Protections for businesses as well as healthcare access in the event of a crash-out Brexit will be discussed by ministers at their weekly Cabinet meeting.
Measures to protect SMEs and changes so that patients from the North can still be treated in EU countries will be among Brexit-related issues discussed.
Tánaiste Simon Coveney will brief colleagues with a memo on ongoing efforts to inform the public about registering with authorities or applying for grants. In particular, there will be a focus on small firms being made aware of supports.
Minister for Children Katherine Zappone will also bring proposals so that British people living here after Brexit can still access services under the national childcare scheme, in line with arrangements under the common travel area.
A major public awareness campaign is expected to get under way in the weeks ahead as the Brexit agreement deadline of October 31 draws nearer.
TV, radio, and newspaper advertisements are also expected to go ahead in a bid to increase awareness about preparations for a hard Brexit.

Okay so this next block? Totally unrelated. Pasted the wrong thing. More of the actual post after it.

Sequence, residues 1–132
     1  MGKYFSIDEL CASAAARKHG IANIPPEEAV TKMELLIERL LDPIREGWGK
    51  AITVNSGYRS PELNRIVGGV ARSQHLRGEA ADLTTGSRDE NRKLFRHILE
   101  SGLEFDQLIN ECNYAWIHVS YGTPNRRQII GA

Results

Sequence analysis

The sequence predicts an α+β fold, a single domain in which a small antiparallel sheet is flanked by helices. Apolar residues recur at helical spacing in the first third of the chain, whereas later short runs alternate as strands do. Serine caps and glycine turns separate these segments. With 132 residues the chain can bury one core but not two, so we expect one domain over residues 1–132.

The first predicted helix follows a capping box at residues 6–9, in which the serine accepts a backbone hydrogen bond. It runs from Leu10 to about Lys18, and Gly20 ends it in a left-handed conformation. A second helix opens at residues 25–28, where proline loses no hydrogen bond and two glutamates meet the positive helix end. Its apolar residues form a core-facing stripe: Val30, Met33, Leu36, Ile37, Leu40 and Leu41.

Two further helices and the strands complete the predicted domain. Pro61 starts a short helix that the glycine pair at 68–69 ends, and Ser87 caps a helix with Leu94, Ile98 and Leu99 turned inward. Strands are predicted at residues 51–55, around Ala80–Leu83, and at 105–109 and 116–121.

Ministers, including Mr Coveney, , including the foreign affairs minister, are also expected to use the National Ploughing Championships as a way to promote Brexit plans among the thousands who are expected to attend the event.
A number of seminars will be held at the Carlow site and State agencies will be hosted at a special Government of Ireland village at the event.
Elsewhere, Health Minister Simon Harris is expected to outline changes to help guarantee access for patients from the North to healthcare facilities that exist under the EU health insurance card system.
As the Dáil resumes after the summer break, Brexit is expected to dominate proceedings.
Questions about cervical cancer care, the children’s hospital overspend, and the rural broadband project are also expected to feature among issues debated by TDs in the weeks ahead.
A priority among parties and ministers will be the preparation for next month’s budget. Finance Minister Paschal Donohoe announced last week that Budget 2020 would be based on the premise that there would be a no-deal Brexit.
The minister will also take questions today at the Oireachtas Budget Oversight Committee where members will ask for more detail about spending plans.